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Will Beijing streets be buzzing with Broadway tunes?
By Raymond Zhou (China Daily)
Updated: 2005-12-19 05:29

Hong Kong actress and singer Karen Mok is to star in the Tony-winning Broadway musical "Rent" (Jiwu Chuzu) when it tours Asia. This casting decision is sure to bring in the crowds in Beijing and Shanghai, even if they are unsure of this exotic performance genre.

Hong Kong actress and singer Karen Mok performs in the Tony-winning Broadway musical "Rent" in Hong Kong on December 13. [sohu]
"Rent" will open in Beijing on December 30 at the Beizhan Theatre, and will run until January 5.

Unlike in Hong Kong, as well as in Singapore, Chinese mainland audiences have not had much exposure to musical theatre, even though traditional folk opera is similar.

A major obstacle for acceptance is the content, which often seems outlandish, and besides, the word games in the lyrics do not come across well in translation.

Take the plot of "Rent." How much do we know about New York's East Village and its aspiring artists? Can we tell them apart from those in SoHo and Greenwich Village, let alone Midtown Manhattan?

On top of that, one needs to have some background knowledge of Puccini's "La Boheme" because "Rent" is a tribute to the opera and uses its storyline and musical themes.

For a Broadway musical to truly generate a following in China, more needs to be done than merely projecting a Chinese translation of the lyrics on to the stage.

Hiring local talent is one hook, but the audience must be able to relate to the story and have time to take in the music.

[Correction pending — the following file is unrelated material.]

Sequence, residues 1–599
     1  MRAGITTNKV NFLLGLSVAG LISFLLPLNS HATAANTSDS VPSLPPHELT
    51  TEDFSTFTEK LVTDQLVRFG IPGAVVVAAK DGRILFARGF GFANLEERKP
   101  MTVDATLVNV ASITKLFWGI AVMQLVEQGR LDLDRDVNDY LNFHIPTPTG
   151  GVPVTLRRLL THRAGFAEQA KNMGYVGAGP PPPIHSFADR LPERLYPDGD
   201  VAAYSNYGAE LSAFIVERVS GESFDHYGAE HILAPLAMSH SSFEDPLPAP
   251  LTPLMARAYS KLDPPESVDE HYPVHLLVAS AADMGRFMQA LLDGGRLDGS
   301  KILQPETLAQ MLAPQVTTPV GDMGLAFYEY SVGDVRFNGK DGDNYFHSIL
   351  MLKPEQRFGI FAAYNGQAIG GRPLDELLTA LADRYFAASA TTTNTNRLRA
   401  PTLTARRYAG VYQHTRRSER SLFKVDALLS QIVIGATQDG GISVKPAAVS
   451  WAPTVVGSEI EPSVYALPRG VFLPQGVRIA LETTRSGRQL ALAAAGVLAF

For an old favourite like "The Sound of Music" that was easy, but for something as quintessentially American as "Rent" or "Chicago," it will be harder.

The trick is to find common ground and parallels. "Chicago," which came to Beijing a year ago on the strength of the film version, deals with celebrity worship, a phenomenon very much in vogue in today's China.

The characters in "Rent" appear to have cousins in distant Beijing, a city that is reportedly home to 150,000 "bei piao" (wanderers to the north), those who are in the capital trying their luck in the hope of landing dream jobs in the arts and entertainment.

The bohemian culture, running from 19th century Paris as personified in "La Boheme," to 1989-1990 New York, when "Rent" takes place, and present-day Beijing, has so many overlapping undercurrents that, if presented correctly, could strike a chord with a Chinese audience.

Of course there is not much a touring company can do with a couple of shows in each city or country. But for a sustained run, one needs ingenuity. The way foreign films have become successful in China may shed some light on a possible strategy.

In the early 1980s when foreign films were very popular they were invariably dubbed into Chinese. Earlier in the 1930s, many Hollywood productions were remade as local versions.

Around the time Oscar Wilde's "Lady Windermere's Fan" was shown in Shanghai cinemas, two Chinese versions were also filmed.

In other words, this form of "xi yang jing" (Western foreign image) took action to ease the Chinese audience into a position where they could fully appreciate the show.

I'm not saying you have to change the locale of "Rent" from the East Village to a Beijing street in order to gain acceptance here, but that certainly is one technique that could be employed for long-running shows.

In essence, it is not much different from a multinational corporation launching a product on the Chinese market. It has to be customized for the local consumer, who craves an elusive ratio of familiarity to foreignness.

Now that the film version of "Rent" has been released, there's no way a touring production can compare in star power or authenticity. Perhaps localizing is the answer.

(China Daily 12/19/2005 page5)

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